Comparison of primary care models in the prevention of cardiovascular disease - a cross sectional study

Title: Comparison of primary care models in the prevention of cardiovascular disease - a cross sectional study
Authors: Liddy, Clare
Singh, Jatinderpreet
Hogg, William
Dahrouge, Simone
Taljaard, Monica
Date: 2011-11-29
Abstract: Background: Primary care providers play an important role in preventing and managing cardiovascular disease. This study compared the quality of preventive cardiovascular care delivery amongst different primary care models. Methods: This is a secondary analysis of a larger randomized control trial, known as the Improved Delivery of Cardiovascular Care (IDOCC) through Outreach Facilitation. Using baseline data collected through IDOCC, we conducted a cross-sectional study of 82 primary care practices from three delivery models in Eastern Ontario, Canada: 43 fee-for-service, 27 blended-capitation and 12 community health centres with salary-based physicians. Medical chart audits from 4,808 patients with or at high risk of developing cardiovascular disease were used to examine each practice’s adherence to ten evidence-based processes of care for diabetes, chronic kidney disease, dyslipidemia, hypertension, weight management, and smoking cessation care. Generalized estimating equation models adjusting for age, sex, rurality, number of cardiovascular-related comorbidities, and year of data collection were used to compare guideline adherence amongst the three models. Results: The percentage of patients with diabetes that received two hemoglobin A1c tests during the study year was significantly higher in community health centres (69%) than in fee-for-service (45%) practices (Adjusted Odds Ratio (AOR) = 2.4 [95% CI 1.4-4.2], p = 0.001). Blended capitation practices had a significantly higher percentage of patients who had their waistlines monitored than in fee-for-service practices (19% vs. 5%, AOR = 3.7 [1.8-7.8], p = 0.0006), and who were recommended a smoking cessation drug when compared to community health centres (33% vs. 16%, AOR = 2.4 [1.3-4.6], p = 0.007). Overall, quality of diabetes care was higher in community health centres, while smoking cessation care and weight management was higher in the blended-capitation models. Feefor- service practices had the greatest gaps in care, most noticeably in diabetes care and weight management. Conclusions: This study adds to the evidence suggesting that primary care delivery model impacts quality of care. These findings support current Ontario reforms to move away from the traditional fee-for-service practice.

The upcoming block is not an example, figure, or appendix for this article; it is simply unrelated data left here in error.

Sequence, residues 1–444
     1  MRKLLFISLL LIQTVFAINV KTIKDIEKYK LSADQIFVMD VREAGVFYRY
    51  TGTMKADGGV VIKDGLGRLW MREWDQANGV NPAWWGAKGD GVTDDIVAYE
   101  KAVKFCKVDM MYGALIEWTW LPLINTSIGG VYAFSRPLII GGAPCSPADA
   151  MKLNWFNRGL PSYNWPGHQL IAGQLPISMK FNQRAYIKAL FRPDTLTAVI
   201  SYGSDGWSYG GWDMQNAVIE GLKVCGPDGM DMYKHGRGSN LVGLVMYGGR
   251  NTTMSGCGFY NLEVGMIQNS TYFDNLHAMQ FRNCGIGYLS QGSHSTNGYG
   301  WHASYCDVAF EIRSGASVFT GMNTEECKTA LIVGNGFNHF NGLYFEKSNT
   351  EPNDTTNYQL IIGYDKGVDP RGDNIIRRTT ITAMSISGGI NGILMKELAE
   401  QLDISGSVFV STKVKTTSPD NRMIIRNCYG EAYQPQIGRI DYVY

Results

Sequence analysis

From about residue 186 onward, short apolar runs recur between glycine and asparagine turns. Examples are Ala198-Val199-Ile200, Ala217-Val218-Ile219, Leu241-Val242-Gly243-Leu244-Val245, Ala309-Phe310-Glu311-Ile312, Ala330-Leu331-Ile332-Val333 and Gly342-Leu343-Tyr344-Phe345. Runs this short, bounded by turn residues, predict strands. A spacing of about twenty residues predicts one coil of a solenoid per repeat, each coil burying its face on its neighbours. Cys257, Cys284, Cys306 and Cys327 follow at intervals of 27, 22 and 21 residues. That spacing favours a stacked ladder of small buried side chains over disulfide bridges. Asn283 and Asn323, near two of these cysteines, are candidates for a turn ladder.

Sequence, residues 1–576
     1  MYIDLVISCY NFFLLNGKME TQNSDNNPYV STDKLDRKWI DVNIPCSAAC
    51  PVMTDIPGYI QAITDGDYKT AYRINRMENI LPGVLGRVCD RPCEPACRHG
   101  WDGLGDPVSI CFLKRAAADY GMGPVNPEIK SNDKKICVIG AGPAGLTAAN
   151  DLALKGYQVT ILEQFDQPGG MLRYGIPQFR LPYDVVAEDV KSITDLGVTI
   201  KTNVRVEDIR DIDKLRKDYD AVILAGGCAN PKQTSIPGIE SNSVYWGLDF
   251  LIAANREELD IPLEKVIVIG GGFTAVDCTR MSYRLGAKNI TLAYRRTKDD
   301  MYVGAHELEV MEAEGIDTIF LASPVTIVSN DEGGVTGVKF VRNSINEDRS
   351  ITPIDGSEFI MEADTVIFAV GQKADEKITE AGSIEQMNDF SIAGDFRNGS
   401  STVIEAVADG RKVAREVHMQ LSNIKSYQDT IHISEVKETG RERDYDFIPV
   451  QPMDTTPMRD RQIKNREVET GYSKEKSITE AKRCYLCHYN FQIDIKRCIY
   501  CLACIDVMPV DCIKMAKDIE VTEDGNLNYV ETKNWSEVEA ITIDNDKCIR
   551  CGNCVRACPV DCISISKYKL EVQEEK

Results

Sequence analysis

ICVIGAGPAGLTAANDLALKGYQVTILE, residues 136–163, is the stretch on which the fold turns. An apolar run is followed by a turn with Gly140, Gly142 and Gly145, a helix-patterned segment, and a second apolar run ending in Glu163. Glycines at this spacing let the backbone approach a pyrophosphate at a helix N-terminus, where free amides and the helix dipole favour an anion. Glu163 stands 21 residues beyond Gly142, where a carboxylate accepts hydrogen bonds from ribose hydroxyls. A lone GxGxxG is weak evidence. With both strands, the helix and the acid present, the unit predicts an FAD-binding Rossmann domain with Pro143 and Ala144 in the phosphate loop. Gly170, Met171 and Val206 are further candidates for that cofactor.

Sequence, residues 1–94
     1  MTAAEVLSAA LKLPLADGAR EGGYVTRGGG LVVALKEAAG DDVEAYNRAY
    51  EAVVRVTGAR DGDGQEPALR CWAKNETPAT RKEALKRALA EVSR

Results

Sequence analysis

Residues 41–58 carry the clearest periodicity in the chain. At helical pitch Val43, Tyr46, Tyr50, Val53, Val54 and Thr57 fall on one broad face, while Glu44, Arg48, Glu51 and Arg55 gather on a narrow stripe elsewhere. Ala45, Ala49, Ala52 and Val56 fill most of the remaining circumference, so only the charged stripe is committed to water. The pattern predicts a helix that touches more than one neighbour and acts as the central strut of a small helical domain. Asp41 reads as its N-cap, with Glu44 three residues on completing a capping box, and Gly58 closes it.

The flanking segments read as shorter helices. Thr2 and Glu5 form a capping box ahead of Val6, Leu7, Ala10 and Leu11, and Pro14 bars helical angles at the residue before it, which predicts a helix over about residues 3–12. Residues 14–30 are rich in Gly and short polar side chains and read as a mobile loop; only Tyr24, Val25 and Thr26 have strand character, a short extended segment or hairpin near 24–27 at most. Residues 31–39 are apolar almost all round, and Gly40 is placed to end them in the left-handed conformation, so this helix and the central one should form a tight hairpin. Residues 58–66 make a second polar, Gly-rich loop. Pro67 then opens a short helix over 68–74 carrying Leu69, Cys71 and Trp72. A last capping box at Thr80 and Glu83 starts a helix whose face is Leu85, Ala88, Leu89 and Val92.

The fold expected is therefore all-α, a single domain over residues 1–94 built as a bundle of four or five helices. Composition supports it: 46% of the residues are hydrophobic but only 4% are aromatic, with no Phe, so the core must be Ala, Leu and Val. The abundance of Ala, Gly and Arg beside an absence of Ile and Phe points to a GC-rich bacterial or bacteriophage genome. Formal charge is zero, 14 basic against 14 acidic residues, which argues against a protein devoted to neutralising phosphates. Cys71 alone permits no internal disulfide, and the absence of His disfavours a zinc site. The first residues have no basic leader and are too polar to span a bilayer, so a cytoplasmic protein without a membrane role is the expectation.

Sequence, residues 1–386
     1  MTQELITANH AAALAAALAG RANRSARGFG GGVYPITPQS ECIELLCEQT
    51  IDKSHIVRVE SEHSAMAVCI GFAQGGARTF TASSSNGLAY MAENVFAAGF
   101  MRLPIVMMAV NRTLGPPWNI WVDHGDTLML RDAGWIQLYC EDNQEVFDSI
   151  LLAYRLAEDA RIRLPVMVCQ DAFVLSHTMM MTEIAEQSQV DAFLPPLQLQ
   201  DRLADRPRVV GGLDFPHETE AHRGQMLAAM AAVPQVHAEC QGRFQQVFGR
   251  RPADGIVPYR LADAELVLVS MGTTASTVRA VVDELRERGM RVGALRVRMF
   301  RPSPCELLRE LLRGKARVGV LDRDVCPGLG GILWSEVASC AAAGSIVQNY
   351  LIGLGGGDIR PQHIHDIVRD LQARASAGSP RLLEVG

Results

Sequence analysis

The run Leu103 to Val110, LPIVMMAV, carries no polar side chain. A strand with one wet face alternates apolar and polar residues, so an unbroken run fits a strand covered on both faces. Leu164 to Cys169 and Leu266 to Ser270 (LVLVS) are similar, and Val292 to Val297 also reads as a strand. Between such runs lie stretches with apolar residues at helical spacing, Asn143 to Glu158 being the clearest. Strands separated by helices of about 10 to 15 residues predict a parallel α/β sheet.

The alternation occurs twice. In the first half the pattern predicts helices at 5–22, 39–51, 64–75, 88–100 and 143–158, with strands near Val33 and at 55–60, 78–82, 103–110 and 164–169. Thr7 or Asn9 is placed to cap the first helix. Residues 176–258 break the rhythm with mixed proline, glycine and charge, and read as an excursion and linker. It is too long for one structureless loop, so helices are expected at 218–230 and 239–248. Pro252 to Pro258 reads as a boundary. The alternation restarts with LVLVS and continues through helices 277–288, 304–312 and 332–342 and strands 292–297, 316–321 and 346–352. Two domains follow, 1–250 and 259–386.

DOI: 10.1186/1471-2296-12-114
CollectionCentre de recherche C.T. Lamont Research Centre
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